Jun 20, 2019
You might think George Clooney gets his devilishly handsome smile from well polished genes or a long history of acting lessons. As it turns out, he has mild residual weakness from a remote Bell's Palsy.
In this week's installment of the BrainWaves podcast, we've got even more factoids about the facial nerve as we revisit a prior show that originally aired in January 2017. We've touched up the audio a bit, so get comfortable and grab a pen, you may want to take notes on this one.
Produced by James E. Siegler. Music courtesy of Marcos H. Bolanos, Jon Watts & Lee Rosevere. Sound effects by Mike Koenig and Daniel Simion. BrainWaves' podcasts and online content are intended for medical education only and should not be used for clinical decision making. Be sure to follow us on Twitter @brainwavesaudio for the latest updates to the podcast.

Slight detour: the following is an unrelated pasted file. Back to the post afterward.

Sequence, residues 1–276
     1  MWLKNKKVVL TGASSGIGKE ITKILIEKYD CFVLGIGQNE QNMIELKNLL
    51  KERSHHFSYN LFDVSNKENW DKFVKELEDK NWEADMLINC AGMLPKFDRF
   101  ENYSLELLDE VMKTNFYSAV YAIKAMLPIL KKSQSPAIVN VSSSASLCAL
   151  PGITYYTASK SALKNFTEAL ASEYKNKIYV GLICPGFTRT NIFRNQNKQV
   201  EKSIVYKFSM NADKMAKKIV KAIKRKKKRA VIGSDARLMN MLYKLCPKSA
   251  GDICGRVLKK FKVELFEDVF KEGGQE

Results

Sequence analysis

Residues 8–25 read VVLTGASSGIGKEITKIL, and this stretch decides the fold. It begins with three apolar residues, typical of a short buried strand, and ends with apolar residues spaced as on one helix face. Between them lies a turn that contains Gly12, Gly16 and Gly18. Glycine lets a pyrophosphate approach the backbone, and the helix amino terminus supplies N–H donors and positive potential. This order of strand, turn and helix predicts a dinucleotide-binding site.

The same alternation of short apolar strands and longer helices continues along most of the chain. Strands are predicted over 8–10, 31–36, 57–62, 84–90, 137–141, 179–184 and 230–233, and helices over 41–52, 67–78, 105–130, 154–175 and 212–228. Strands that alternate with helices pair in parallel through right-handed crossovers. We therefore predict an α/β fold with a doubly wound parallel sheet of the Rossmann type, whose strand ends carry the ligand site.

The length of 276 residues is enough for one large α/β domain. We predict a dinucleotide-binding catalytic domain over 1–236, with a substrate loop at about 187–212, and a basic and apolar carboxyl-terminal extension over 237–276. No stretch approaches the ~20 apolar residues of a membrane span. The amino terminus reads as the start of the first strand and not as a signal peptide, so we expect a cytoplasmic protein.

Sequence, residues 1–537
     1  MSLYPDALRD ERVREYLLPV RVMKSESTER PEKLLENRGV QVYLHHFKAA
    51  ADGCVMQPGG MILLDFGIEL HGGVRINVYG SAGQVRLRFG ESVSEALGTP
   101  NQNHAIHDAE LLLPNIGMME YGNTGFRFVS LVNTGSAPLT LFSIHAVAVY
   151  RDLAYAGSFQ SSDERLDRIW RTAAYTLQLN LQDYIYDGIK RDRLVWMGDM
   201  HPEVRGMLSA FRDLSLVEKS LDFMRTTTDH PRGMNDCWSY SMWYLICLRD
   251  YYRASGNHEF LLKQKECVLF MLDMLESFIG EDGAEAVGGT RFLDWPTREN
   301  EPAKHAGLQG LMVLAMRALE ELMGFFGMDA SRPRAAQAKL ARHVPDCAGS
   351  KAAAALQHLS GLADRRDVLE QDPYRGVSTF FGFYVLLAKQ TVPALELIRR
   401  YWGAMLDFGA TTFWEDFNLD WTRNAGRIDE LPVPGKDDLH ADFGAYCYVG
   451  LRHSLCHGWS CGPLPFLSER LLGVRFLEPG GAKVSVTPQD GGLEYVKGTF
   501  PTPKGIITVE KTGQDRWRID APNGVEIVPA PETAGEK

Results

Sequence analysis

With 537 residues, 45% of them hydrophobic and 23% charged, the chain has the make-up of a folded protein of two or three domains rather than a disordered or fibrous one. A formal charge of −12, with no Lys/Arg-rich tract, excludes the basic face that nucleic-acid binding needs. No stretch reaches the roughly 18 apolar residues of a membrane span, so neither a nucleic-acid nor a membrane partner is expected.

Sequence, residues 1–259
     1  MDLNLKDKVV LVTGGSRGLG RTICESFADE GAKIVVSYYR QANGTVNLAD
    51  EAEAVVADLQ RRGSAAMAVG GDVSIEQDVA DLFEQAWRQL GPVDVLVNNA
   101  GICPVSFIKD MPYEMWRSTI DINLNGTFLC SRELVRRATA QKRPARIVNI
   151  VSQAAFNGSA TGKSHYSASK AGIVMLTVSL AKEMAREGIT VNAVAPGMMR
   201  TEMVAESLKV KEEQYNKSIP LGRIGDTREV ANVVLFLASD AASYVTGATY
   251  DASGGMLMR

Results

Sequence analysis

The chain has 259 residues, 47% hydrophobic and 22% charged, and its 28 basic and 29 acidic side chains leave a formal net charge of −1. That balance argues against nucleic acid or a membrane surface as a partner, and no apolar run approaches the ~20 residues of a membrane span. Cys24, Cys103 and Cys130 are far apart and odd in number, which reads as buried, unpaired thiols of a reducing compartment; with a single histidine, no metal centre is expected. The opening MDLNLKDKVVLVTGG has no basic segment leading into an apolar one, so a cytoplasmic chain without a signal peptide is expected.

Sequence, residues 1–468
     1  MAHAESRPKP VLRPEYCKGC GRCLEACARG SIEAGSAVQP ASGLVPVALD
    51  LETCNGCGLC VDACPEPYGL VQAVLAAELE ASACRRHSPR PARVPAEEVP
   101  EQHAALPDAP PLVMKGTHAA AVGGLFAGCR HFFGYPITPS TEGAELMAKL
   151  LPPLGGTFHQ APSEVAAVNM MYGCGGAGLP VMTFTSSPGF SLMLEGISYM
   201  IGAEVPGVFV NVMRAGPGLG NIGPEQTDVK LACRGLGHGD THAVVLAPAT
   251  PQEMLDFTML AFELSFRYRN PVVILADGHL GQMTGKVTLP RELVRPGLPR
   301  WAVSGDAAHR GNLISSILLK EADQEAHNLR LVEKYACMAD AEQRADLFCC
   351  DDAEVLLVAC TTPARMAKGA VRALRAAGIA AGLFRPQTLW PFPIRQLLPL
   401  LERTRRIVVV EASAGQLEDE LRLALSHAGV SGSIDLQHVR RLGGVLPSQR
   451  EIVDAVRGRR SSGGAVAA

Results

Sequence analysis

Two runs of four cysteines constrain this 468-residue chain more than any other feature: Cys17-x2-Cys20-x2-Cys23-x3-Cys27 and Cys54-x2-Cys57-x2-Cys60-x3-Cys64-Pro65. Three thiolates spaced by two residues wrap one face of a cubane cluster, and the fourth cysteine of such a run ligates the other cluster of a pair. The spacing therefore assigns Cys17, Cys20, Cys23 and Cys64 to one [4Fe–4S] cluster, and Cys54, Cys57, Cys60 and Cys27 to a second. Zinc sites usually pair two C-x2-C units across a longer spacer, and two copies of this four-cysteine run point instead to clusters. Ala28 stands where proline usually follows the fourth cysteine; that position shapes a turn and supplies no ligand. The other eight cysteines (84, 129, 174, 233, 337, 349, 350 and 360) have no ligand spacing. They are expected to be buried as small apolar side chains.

1. Gilden DH. Clinical practice. Bell's Palsy. The New England journal of medicine. 2004;351:1323-31.
2. Sweeney CJ and Gilden DH. Ramsay Hunt syndrome. Journal of neurology, neurosurgery, and psychiatry. 2001;71:149-54.
3. Gaio E, Marioni G, de Filippis C, Tregnaghi A, Caltran S and Staffieri A. Facial nerve paralysis secondary to acute otitis media in infants and children. J Paediatr Child Health. 2004;40:483-6.
4. Habel A. Ueber Fortbestehen von Tic convulsif bei gleichseitiger Hemiplegie. Deutsche Med Wchnschr. 1898;24:189.